The American Pictorial Home Book
or Housekeeper's Encyclopedia - online book

A reference manual of household management in Victorian times.

Home Main Menu Order Support About Search

Share page  

Previous Contents Next

warm it again in sweet milk that is thickened with butter rubbed in flour, the yolks of well beaten raw eggs, a rasp or two of nutmeg, a small pinch of mace, being governed by the quantity of asparagus. Then, having the top crust taken off of some rolls, and the crumbs scooped out, fill up the hollow with the boiling asparagus mixture, which should not be very moist. Place the upper crust on and serve at once very hot.
Boiled Asparagus.—To each 1-2 gallon of water allow 1 heaped tablespoonful of salt. In order to have the asparagus white, it should be cut before sunrise, as the action of the sun turns it green, and it should be put in a cool, damp place, and then dressed as soon as practicable. Like all vegetables, it cannot be cooked too fresh; then scrape the outer skin off beginning at the head, and throw them into cold water, then tie them in bundles of about 20 in each, keep the heads all one way, then, with a sharp knife cut the stalks evenly and put them into boiling water with the above proportion of salt Keep them boiling quickly until tender, with the saucepan uncov­ered. When the asparagus is done, dish it upon toast, which should be dipped in the water in which the asparagus has been boiled, then turn the white ends toward the middle each way, pour over them melted butter and pepper, 15 to 18 minutes from the time the water boils.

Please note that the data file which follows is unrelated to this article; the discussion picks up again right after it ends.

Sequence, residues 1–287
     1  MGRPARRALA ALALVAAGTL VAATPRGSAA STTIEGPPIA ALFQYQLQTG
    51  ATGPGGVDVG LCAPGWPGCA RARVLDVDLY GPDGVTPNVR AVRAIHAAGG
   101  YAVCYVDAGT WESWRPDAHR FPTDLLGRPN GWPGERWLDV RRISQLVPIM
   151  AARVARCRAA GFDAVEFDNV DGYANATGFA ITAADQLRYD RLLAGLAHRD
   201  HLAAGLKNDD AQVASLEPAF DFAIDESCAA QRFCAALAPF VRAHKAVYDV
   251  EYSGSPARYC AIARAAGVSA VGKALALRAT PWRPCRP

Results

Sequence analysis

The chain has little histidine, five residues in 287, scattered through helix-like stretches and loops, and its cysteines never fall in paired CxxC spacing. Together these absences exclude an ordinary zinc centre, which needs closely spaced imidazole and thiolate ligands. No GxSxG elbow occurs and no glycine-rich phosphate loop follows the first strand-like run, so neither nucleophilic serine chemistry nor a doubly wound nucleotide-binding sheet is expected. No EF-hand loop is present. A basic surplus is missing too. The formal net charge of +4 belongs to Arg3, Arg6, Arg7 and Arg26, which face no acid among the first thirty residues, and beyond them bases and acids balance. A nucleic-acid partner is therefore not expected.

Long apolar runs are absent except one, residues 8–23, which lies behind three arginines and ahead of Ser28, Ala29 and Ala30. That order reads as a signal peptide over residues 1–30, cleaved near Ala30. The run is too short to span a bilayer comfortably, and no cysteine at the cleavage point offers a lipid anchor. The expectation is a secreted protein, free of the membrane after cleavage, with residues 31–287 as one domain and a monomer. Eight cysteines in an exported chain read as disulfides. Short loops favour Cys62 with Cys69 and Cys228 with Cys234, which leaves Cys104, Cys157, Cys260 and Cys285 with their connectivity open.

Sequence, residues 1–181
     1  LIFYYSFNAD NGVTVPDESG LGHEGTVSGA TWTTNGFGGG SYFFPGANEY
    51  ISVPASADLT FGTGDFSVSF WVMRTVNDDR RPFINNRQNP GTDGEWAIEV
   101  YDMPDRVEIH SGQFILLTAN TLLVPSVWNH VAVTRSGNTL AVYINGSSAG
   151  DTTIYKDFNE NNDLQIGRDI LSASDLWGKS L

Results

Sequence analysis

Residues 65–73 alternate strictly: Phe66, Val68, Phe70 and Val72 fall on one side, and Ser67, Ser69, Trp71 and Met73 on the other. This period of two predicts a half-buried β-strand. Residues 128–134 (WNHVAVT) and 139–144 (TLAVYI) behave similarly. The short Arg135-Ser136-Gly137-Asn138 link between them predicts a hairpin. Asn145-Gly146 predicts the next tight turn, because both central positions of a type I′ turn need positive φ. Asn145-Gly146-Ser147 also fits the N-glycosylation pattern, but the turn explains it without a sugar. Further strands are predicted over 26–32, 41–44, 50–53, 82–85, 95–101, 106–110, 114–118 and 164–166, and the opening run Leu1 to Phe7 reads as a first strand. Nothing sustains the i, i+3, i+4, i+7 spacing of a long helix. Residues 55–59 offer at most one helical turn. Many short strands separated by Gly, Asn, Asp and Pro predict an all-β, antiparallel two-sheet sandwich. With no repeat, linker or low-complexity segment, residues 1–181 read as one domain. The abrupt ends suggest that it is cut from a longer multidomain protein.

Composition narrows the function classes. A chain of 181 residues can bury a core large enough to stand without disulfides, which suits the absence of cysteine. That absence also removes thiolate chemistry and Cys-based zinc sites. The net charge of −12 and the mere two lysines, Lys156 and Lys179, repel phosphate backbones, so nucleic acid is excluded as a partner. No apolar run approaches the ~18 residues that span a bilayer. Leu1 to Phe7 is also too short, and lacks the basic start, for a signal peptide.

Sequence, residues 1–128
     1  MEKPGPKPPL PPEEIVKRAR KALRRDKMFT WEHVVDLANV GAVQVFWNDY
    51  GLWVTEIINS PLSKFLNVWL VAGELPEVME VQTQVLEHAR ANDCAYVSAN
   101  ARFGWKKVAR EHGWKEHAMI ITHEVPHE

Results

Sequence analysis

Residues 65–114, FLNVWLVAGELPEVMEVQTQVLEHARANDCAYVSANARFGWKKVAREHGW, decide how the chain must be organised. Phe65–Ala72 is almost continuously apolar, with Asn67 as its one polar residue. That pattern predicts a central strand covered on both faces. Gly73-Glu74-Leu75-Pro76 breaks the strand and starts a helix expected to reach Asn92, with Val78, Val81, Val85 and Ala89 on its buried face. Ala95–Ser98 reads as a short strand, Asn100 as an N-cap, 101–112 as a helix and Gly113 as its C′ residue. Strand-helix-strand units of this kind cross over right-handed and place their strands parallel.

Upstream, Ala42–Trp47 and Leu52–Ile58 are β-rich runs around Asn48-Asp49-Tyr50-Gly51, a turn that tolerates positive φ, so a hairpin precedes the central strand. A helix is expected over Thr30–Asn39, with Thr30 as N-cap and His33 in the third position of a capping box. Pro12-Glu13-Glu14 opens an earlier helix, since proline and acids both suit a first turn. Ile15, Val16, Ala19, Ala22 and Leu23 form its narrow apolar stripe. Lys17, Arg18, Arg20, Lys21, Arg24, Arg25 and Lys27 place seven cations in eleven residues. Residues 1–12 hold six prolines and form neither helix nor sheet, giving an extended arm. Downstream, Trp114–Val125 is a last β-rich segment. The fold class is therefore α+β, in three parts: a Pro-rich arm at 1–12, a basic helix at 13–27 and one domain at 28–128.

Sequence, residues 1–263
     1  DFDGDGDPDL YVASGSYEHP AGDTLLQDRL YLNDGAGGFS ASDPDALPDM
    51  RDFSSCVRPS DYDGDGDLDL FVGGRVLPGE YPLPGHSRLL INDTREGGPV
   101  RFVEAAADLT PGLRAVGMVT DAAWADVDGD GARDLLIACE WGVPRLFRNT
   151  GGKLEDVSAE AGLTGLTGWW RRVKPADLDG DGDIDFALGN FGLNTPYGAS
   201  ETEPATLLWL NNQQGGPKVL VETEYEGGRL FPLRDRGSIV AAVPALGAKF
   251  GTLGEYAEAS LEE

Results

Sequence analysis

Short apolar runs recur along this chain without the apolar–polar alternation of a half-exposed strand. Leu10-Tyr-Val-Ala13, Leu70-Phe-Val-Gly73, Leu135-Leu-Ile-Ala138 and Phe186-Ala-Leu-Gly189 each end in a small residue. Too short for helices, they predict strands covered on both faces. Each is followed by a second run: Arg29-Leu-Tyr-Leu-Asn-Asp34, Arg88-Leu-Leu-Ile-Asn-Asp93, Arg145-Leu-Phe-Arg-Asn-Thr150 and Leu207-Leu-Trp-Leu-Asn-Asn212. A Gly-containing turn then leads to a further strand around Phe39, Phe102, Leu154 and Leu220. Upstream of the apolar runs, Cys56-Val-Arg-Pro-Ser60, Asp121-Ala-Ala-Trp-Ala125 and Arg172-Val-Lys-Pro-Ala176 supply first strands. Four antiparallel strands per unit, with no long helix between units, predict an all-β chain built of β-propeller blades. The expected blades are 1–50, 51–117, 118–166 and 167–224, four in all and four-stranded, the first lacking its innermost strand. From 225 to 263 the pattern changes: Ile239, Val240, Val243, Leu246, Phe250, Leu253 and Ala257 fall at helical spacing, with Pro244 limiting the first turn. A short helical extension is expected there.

Asparagus and Beans.—Cut the tender parts of the asparagus into 1-4 inch lengths, boil in an equal quantity of water, adding about an equal amount of well-cooked Linja beans. Cook until the aspar­agus is tender, season with pepper, salt, butter or cream, and serve hot. Instead of the beans the asparagus may be thickened with flour and cream, or with cracker crumbs and milk.
Asparagus Omelet.—Boil the required quantity of asparagus and cut the tops and tender part into 1-2 inch lengths, season to taste with salt and pepper, and put aside on the stove to keep warm while you make your omelet. Beat the whites and yolks of 6 eggs to­gether, with a teaspoonful of milk for each egg, a salt spoonful of salt and a pinch of white pepper; brown 2 tablespoonfuls of sweet butter in a frying-pan, pour your eggs in, and as soon as it begins to set at the edges turn them up and shake your pan to keep the omelet from sticking. It will be sufficiently cooked in five minutes; put your asparagus in, turn your omelet over it as you would a turn-over pie, and serve at once on a hot dish.
Boiled Artichokes.—To each 1-2 gallon of water allow one heaped tablespoonful of salt, a piece of soda as large as a 25-cent piece. Wash the archichokes well in several waters, and see that no insects remain in them, and trim away the leaves at the bottom, cut off the stems and put them into boiling water, to